Dane Parkhurst – ICC Harbinger
East Peoria, IL – Many Illinois Central College students and staff coalesced to discuss free speech, hate speech, and the lines between the two on Thursday.
Amongst the panelists were Rick Joseph and Scott Paulsen, who spoke on the First Amendment and legalities of hate speech. Joseph, an ICC Attorney, started the panel by making it clear that all speech is protected under the First Amendment. He went on to say that there is one exception to this rule, according to the US Supreme Court, “fighting words.”
Paulsen, a Business Law Professor at ICC, explained that there is no clear definition to what “fighting words” are. He cited some popular Supreme Court Cases on this and showed that this subject matter could go either way.
On a college campus, students are faced with sensitive subject matter everyday. The way these conversations in the classroom are handled could be the difference between a progressive conversation and one that could end up in a fight between students.
Dr. Anthony White, a Criminal Justice Professor, talked about hate speech in the classroom and how the teachers are the example for the rest of the class. Especially in classes that deal with sensitive social situations.
“Teachers shape minds; we set the stage,” said Dr. White.
Amongst attendees was Bryan Asbury, a communications professor for ICC and a former ICC student. Asbury was a victim of hate speech as a student because of his sexual orientation. He now teaches students to overcome these sensitive conversations. He uses a specific exercise at the beginning of every semester to make his students more mindful of their language.
“I have my students write down the most offensive word that they could think of to call another human being. Then we explore the denotative and connotative definitions of those words, and what reality must be true in order for the word to move from one to the other. Then, what world gets created when we use those words,” said Asbury.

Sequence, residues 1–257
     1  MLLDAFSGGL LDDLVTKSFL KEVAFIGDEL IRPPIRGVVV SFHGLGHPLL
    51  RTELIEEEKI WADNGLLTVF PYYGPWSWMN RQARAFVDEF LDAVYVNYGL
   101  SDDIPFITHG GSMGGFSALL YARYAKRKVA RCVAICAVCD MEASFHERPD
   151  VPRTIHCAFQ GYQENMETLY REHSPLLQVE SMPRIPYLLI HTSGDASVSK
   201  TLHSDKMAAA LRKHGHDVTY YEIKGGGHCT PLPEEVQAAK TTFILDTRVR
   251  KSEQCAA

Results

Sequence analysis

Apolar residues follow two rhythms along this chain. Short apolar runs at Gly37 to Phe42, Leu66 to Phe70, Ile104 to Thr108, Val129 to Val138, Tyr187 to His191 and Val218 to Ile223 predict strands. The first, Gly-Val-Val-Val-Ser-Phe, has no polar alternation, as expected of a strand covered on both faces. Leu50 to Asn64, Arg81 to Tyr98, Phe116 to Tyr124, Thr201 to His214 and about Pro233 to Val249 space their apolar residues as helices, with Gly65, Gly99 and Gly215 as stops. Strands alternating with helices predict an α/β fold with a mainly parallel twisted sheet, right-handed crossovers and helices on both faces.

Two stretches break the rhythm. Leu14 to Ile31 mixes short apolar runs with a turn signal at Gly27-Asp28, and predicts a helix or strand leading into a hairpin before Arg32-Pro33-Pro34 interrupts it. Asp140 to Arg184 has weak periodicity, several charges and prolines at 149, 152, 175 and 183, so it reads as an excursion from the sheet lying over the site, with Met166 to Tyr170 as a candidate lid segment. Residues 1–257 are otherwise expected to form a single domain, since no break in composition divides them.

This exercise not only makes students more aware of what they say, but how they say it.
“I’m not here to police your language, I’m here to say that you are responsible for your language. You can use whatever words you want, but you didn’t invent them and you are accountable to their history,” Asbury said.
The Vice President of Diversity and Community Impact, Dr. Rita Ali, also spoke about student conduct and the fine line between free speech and hate speech. Her office works not only with student to student conflict, but also faculty to student conflict. Dr. Ali focuses on encouraging diversity and teaching tolerance to hate speech.
“The best way to teach tolerance is through dialogue. Where people can speak their minds, talk about their backgrounds, their beliefs and why they believe. Then we can begin to understand prejudice and where it came from and how to deal with it,” said Dr. Ali.
The panel concluded with an opportunity for students and faculty to ask the panelists questions on hate speech. Multiple faculty members shared stories of student conflict and the panelists provided ways to go about dealing with those situations.
If students do experience hate speech they can contact Dr. Ali’s office or the Dean of Students, Emily Points.